How to Write a Tutorial
With the introduction of Mibba's new tutorial category, there has been a major influx of instructional articles submitted to the article section. While most have been clear and easy to follow, some tutorials have been missing a few key elements. In this article, I hope to help Mibbians improve the quality and helpfulness of their tutorials by addressing a few issues I've noticed so far.
Introduction and Conclusion
Many tutorials submitted have included two basic things: a numbered list of instructions and a straight-to-the-point title. While these two things are certainly very important, it is also important to remember that a tutorial is still an article and like any article, an introduction and a conclusive paragraph should be included.
An introduction to a tutorial can be very simple. As expected, it should introduce the readers to the topic of your tutorial. For example, if you're writing a tutorial on creating a banner in Photofiltre, your introduction could state: Like published pieces, we can often include a book cover or a banner to help represent our stories on Mibba. This tutorial details how you can make a beautiful banner using a free and easy to use photo-editor. Including a introduction allows you to ease your readers into the tutorial, it also solidifies your purpose and makes that purpose clear to all readers.
Your conclusion, like your introduction, can be short and simple. It is meant to bring your piece to a close and help reinforce any important information. For example: Once you've carefully followed all these steps, you should have created a colorful banner that gives your readers just a hint of what's to come. Don't forget to save your image to your computer or a memory card before closing Photofiltre and uploading it to your Mibba story. And if you're unsure of anything else, don't be afraid to ask questions in this article's comment section.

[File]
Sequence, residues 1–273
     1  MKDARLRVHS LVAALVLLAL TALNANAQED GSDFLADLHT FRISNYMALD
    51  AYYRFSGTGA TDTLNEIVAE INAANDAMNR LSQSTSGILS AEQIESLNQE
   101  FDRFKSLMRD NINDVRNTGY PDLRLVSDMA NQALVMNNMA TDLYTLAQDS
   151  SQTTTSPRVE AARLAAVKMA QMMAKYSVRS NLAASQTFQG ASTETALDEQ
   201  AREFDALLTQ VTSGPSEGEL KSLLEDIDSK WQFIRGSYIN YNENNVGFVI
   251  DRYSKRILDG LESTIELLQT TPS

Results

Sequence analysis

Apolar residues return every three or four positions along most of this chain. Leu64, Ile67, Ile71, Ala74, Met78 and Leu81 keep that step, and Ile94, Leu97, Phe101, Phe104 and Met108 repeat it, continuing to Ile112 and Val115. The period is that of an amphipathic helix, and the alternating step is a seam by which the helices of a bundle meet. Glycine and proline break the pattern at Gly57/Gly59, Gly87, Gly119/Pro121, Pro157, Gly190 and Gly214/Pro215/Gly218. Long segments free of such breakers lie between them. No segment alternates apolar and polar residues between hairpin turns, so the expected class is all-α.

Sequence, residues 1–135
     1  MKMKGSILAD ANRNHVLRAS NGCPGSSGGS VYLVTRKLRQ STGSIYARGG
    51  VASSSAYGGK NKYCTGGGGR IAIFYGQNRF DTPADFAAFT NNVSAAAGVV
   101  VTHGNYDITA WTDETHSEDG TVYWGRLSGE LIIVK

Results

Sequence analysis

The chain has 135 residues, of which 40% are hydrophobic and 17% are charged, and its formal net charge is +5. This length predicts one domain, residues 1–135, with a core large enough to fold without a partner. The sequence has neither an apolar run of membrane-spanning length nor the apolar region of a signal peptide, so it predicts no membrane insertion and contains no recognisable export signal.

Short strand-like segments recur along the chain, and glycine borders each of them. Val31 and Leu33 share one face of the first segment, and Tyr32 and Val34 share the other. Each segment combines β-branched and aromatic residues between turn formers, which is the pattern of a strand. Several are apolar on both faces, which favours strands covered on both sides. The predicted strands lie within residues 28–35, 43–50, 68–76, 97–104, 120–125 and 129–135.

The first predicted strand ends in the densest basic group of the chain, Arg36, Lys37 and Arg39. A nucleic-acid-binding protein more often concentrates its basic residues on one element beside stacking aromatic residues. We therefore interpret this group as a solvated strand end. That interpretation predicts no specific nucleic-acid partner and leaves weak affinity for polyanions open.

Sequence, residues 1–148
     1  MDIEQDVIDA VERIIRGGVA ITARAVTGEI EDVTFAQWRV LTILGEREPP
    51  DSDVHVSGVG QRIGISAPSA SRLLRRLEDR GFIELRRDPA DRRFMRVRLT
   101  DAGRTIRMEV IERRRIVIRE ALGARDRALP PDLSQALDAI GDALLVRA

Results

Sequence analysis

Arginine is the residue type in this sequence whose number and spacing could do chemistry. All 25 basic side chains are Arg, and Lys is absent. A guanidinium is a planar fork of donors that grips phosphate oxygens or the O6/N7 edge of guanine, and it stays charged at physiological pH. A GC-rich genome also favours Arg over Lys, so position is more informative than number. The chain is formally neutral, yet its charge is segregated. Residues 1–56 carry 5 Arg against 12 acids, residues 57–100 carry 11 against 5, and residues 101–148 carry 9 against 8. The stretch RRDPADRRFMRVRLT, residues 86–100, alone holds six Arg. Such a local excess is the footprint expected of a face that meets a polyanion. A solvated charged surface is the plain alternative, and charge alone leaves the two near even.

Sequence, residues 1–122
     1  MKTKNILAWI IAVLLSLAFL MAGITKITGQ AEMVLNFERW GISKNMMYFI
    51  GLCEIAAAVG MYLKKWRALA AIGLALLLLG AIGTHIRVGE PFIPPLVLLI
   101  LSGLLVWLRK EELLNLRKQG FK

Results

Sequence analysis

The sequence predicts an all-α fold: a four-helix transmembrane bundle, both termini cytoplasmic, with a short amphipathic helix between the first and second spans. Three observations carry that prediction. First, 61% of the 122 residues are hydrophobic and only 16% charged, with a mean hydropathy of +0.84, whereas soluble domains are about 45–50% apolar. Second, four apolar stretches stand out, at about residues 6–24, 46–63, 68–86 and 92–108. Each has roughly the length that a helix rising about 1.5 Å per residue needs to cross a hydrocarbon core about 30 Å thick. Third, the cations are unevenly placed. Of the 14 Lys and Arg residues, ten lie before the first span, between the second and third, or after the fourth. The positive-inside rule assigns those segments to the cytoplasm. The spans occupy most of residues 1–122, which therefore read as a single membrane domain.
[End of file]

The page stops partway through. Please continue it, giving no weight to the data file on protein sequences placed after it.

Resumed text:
Another important aspect of a tutorial is providing good instructions. Good instructions should be clear, concise and easy to follow. If the process you are describing is complex or involves a lot of steps, be sure to properly explain each part and organize your article well. If needed, break your article down into more than one part (using the appropriate headings to separate each part).
When giving instructions, try not to ramble on unnecessarily or veer off-topic, this may confuse your readers. While you may be tempted to include anecdotal information (examples of times in which you tried and failed), try to keep it out of the instructional portion of your tutorial unless it's to warn a reader against a mistake.
Always give your instructions in the order of which each detail is to be carried out.
Going hand-in-hand with proper instructions, is proper visuals. For some tutorials, visuals are important and can prove to be detrimental. If providing an image will help make the process easier for the reader, include them (whether it be a link to the image or placing the actual image into the content of your tutorial). Visuals are usually most helpful in tutorials for hand-crafted projects, make-up/fashion tutorials, and computer graphic tutorials, but can be successfully used in many other pieces.
Helpful Links and Other Information
Once you've neared the end of your tutorial, if there is any outside sources that may better assist the reader, be sure to let them know. From links to other tutorials or websites to lists of products you may have used, readers will be grateful for any extra information or tips you can give them.
Some things to remember:
- If you're using special products, remember to make the reader aware. For example, if you're creating a banner, always let the reader know which program you're using (Photoshop, Photofiltre, Paint.Net...) - each program functions slightly differently, so it's important to start off the tutorial on the same page as your readers.
- Readers may not hold as much knowledge on a topic as you, so be sure to define (or provide definition) of any technical terms that may be unknown.
- When writing a tutorial, remember that many readers may be completely inexperienced with the topic, so try to provide as much relevant information, examples, and visuals as needed.
- The best tutorials are those that are concise and straight to the point. Try not to mince words. Remember that this is a tutorial, not a story, so don't be afraid to be direct.
While a knowledgeable author is very important in tutorials, an author who can clearly explain the processes is often just as important. The best tutorials are those which are easily read and understood, so always make your tutorials as simple as possible and always keep your audience in mind.